Sales tax may be due in a Florida real estate deal when tangible personal property is part of the transaction. If sales tax is owed, the seller must collect the tax and pay it over to the Florida Department of Revenue with a sales tax return.
Examples of tangible personal property in residential real estate closings:
- Window treatments
- Swimming pool cleaning equipment
In commercial real estate deals, tangible personal property might include:
- Business equipment
- Trade fixtures
How To Avoid Paying Sales Tax When Tangible Personal Property Is Part Of Your Real Estate Transaction
Option 1: Occasional or Isolated Exception
When the transfer of tangible personal property in Florida is incidental to the sale of the real estate, it is not subject to sales tax. Including language to reflect the incidental nature of the tangible personal property to the transfer of the real estate is common in Florida real estate purchase and sale agreements. This language allows for an exemption in Florida from the requirement for the seller to collect and pay sales tax because the tangible personal property transferred to the buyer is an occasional or isolated transaction.
Unfortunately, for reasons better known to the legislature and the Florida Department of Revenue the occasional or isolated sale exemption rarely applies in Florida real estate transactions. To benefit from the exemption mentioned above, a seller cannot use a broker or real estate sales agent to sell the real estate. Using real estate agents is routine in many if not most Florida real estate transactions.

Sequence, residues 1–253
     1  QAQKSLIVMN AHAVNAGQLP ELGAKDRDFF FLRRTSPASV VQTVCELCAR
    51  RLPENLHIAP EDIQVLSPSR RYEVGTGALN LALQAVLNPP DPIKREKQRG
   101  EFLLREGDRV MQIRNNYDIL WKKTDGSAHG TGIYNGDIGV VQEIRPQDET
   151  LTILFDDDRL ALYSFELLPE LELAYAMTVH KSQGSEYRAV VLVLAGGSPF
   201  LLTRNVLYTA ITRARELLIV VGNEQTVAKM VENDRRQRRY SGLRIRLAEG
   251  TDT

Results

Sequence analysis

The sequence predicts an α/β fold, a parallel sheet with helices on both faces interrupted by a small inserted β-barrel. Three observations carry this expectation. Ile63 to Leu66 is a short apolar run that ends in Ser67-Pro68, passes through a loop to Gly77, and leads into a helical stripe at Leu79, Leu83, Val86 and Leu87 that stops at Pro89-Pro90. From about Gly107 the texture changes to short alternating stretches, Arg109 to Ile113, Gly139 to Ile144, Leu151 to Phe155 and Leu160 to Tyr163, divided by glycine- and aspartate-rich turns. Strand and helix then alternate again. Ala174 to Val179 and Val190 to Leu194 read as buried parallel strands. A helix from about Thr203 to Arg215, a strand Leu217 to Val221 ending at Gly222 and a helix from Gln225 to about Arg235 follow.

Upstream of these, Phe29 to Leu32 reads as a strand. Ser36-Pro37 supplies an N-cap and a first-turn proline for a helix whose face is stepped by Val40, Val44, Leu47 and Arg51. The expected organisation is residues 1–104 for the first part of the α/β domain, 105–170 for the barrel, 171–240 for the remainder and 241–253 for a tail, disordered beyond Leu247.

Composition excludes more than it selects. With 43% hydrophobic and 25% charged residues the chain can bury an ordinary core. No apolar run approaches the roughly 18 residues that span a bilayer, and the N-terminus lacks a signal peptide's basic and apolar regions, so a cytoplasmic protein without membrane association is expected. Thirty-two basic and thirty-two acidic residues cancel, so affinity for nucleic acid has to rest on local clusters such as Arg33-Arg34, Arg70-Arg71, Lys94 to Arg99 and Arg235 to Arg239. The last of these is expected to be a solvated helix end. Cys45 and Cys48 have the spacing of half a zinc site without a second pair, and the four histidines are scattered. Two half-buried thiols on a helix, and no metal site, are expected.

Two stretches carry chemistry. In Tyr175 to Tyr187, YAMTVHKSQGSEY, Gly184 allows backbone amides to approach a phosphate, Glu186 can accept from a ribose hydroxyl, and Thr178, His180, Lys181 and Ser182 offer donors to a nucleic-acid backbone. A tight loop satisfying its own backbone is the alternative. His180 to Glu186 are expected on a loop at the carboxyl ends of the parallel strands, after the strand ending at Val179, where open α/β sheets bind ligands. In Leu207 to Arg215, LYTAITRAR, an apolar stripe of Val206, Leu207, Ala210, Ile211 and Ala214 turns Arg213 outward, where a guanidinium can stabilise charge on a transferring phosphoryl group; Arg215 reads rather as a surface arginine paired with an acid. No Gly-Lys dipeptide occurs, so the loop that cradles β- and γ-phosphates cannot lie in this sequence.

Option 2: Properly Drafted Contract
The buyer and seller may lawfully side-step this issue by not stating a price or value for the tangible personal property. Unless seller wants to sell the tangible personal property separately from the real estate, the sales contract should not state a value for each item of tangible personal property and include only the sales price of the real estate in the purchase and sale agreement.
Stross Law Firm, P. A. is a real estate title insurance and closing agent. Our real estate attorneys can review your sales contract and make sure it is properly drafted to avoid any sales tax issues.
This article is for general information only and is not intended to provide legal advice. The facts of your situation are unique and you should seek the guidance of an experienced real estate attorney. If you have questions about buying or selling property in Florida, please call us at 813-852-6500 for a free 30-minute consultation.